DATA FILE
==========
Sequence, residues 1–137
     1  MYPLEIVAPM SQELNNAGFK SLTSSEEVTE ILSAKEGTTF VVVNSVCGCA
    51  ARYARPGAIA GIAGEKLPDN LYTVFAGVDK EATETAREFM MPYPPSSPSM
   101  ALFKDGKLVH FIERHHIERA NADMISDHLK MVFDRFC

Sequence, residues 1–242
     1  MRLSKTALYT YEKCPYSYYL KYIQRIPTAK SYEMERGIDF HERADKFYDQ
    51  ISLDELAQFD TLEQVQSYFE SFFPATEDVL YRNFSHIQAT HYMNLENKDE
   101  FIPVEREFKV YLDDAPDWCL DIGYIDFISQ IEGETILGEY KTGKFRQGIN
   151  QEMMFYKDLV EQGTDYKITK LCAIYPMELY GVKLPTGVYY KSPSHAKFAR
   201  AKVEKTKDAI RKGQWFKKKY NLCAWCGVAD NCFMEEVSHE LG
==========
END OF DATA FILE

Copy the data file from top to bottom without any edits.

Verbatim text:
Sequence, residues 1–137
     1  MYPLEIVAPM SQELNNAGFK SLTSSEEVTE ILSAKEGTTF VVVNSVCGCA
    51  ARYARPGAIA GIAGEKLPDN LYTVFAGVDK EATETAREFM MPYPPSSPSM
   101  ALFKDGKLVH FIERHHIERA NADMISDHLK MVFDRFC

Sequence, residues 1–242
     1  MRLSKTALYT YEKCPYSYYL KYIQRIPTAK SYEMERGIDF HERADKFYDQ
    51  ISLDELAQFD TLEQVQSYFE SFFPATEDVL YRNFSHIQAT HYMNLENKDE
   101  FIPVEREFKV YLDDAPDWCL DIGYIDFISQ IEGETILGEY KTGKFRQGIN
   151  QEMMFYKDLV EQGTDYKITK LCAIYPMELY GVKLPTGVYY KSPSHAKFAR
   201  AKVEKTKDAI RKGQWFKKKY NLCAWCGVAD NCFMEEVSHE LG